Bullets' turnovers help Warriors romp, 114-94 For Golden State, it's payback for loss

February 15, 1993|By Susan Fornoff | Susan Fornoff,Contributing Writer

OAKLAND, Calif. -- The Washington Bullets turned the ball over enough last night to let the Golden State Warriors play turnabout for a 114-94 victory at the Oakland Coliseum Arena.

Nine days earlier, the Bullets had dealt the Warriors their most lopsided loss of the season, 138-111 at the Capital Centre. Eight Bullets scored in double figures in that game; seven Warriors had 12 points or more in this one. Reserve forward Jud Buechler led the winners with a career-high 17 points, and starters Tyrone Hill and Sarunas Marciulionis added 15 each.

"A couple of guys before the game mentioned that they had really embarrassed us, really whipped our butts, at their place," Buechler said. "Payback was a nice feeling."

"They just were a totally different team tonight," said Warriors coach Don Nelson. "But maybe we were, too. . . . It's hard to figure all the reasons why."

Start with the schedule: Landover had been the Warriors' fourth stop on a five-game trip Feb. 5, and Oakland is the Bullets' fifth layover on a seven-game trip. Both teams had played on the road Saturday night, but the Warriors had bused just 90 miles up the freeway to break a seven-game losing streak by a point at Sacramento, while the Bullets had lost by 19 at Denver Saturday night.

"That is the big key," said Bullets coach Wes Unseld. "I don't want to make excuses for these guys, but I don't have the type of bodies that can play seven games in 10 days and do good things on the court."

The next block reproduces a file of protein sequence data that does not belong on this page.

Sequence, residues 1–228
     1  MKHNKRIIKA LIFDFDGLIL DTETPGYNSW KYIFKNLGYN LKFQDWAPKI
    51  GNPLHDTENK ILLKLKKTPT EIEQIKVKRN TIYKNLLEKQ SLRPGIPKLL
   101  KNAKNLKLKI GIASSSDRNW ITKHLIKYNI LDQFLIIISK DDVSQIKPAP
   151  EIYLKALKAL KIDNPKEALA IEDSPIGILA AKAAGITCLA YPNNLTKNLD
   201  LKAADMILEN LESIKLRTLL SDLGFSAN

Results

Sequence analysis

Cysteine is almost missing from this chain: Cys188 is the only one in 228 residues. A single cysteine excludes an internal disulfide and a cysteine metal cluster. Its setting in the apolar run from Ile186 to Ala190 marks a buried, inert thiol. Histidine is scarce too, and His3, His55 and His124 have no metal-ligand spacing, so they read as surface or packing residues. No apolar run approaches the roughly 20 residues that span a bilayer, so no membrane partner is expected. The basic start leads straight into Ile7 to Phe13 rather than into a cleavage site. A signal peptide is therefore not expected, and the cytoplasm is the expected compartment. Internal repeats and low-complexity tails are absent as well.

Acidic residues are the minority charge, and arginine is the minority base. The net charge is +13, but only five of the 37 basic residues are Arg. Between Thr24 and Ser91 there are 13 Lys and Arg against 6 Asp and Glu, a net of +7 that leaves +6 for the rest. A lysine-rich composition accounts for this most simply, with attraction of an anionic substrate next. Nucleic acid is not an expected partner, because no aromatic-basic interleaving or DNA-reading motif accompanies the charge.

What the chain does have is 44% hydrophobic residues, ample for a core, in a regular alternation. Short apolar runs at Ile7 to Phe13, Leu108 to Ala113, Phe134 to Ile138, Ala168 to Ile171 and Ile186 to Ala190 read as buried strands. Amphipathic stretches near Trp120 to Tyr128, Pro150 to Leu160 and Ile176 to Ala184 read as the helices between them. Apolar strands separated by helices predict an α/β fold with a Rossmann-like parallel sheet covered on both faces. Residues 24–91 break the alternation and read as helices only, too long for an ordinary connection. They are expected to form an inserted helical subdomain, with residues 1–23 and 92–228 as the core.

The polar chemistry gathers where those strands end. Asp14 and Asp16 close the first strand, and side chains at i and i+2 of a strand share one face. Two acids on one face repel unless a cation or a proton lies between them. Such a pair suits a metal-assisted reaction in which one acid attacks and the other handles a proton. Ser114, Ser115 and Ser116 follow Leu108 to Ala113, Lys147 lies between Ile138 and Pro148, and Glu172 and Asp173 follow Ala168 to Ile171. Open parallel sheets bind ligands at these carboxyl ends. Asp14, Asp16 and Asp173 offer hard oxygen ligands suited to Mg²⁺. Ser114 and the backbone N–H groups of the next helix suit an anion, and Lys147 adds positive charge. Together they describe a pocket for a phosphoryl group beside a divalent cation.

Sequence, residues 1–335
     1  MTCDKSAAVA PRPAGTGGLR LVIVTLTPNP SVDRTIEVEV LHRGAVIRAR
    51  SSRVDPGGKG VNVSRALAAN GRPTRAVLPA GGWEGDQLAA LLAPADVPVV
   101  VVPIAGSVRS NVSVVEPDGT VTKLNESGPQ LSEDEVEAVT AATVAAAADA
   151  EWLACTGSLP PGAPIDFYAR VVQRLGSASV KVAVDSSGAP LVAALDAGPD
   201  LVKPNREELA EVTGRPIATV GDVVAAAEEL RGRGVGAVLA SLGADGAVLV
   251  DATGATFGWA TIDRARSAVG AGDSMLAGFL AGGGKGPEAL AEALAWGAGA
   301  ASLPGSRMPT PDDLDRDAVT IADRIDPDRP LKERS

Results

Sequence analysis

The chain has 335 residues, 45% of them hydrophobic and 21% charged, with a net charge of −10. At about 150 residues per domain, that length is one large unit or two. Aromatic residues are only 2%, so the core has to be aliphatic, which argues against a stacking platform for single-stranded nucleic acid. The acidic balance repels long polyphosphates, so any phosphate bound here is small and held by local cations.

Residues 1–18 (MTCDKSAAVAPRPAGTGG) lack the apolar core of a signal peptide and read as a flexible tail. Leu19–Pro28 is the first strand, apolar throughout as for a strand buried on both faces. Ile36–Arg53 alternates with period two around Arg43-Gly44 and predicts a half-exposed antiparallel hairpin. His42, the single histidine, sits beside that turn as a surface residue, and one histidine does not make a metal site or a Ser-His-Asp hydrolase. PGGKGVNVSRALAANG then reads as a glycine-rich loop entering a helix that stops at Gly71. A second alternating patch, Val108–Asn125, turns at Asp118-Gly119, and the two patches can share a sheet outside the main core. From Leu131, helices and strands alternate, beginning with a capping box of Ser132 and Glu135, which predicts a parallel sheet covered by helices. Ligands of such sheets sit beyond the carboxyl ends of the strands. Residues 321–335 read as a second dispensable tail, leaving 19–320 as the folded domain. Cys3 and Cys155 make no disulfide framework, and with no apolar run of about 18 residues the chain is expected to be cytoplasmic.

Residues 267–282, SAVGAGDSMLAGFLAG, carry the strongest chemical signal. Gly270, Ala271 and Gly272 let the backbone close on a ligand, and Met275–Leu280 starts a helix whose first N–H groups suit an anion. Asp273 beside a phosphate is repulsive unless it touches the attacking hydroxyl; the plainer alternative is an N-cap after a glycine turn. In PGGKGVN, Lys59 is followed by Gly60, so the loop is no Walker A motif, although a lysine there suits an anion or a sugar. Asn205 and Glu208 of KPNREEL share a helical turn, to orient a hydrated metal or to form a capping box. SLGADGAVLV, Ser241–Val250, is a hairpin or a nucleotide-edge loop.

"They just out-hustled us," said Bullets rookie Tom Gugliotta.

Gugliotta committed five turnovers, and the Bullets turned the ball over 22 times to the Warriors' 14, accounting for a 15-point difference in the score. The turnover differential was 8-2 in the first period alone, as, for the second straight night, the Bullets faded early and showed few signs of reviving.

The game was tied at 14 with 4:42 remaining in the first period, when the Warriors took off on a 17-4 run that spilled over into the second period.

The Bullets closed within 66-59 with 7:06 remaining in the third period, but the Warriors scored eight straight to run away with it.

"I don't remember exactly who killed us," Unseld said. "In my recollection, everybody killed us."

Chris Gatling scored 14, Victor Alexander 13, and Tim Hardaway and Latrell Sprewell 12. Gatling and Byron Houston achieved season highs in rebounds, too, with 12 and 11, respectively. The Warriors pounded the boards by a 51-41 margin; the Bullets managed six offensive rebounds in the game.

"They did a real good job pounding us, and we didn't react too well," Unseld said. "I think a good reaction would have been if we could have pounded back. I thought they just pushed us around and we didn't push them back -- nobody did."

"We came and dominated the boards early," Houston said. "We got a couple of offensive put-backs and then just kept pounding it and pounding it inside. I think they got a little bit out of sync when we started doing that."

Pervis Ellison scored 18 for the Bullets.

Rex Chapman sprained his right ankle with 1:54 to go in the half and will return home for further examination.

The rest of the team proceeds to Seattle for stop No. 6 of Washington's longest road trip.

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